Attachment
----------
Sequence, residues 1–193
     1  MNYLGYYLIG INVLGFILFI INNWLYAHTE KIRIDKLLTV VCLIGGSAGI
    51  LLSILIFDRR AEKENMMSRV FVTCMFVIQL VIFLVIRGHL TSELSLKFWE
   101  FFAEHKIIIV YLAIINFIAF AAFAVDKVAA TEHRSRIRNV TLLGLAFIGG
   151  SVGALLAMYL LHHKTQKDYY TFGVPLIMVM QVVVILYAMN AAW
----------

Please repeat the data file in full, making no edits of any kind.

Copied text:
Sequence, residues 1–193
     1  MNYLGYYLIG INVLGFILFI INNWLYAHTE KIRIDKLLTV VCLIGGSAGI
    51  LLSILIFDRR AEKENMMSRV FVTCMFVIQL VIFLVIRGHL TSELSLKFWE
   101  FFAEHKIIIV YLAIINFIAF AAFAVDKVAA TEHRSRIRNV TLLGLAFIGG
   151  SVGALLAMYL LHHKTQKDYY TFGVPLIMVM QVVVILYAMN AAW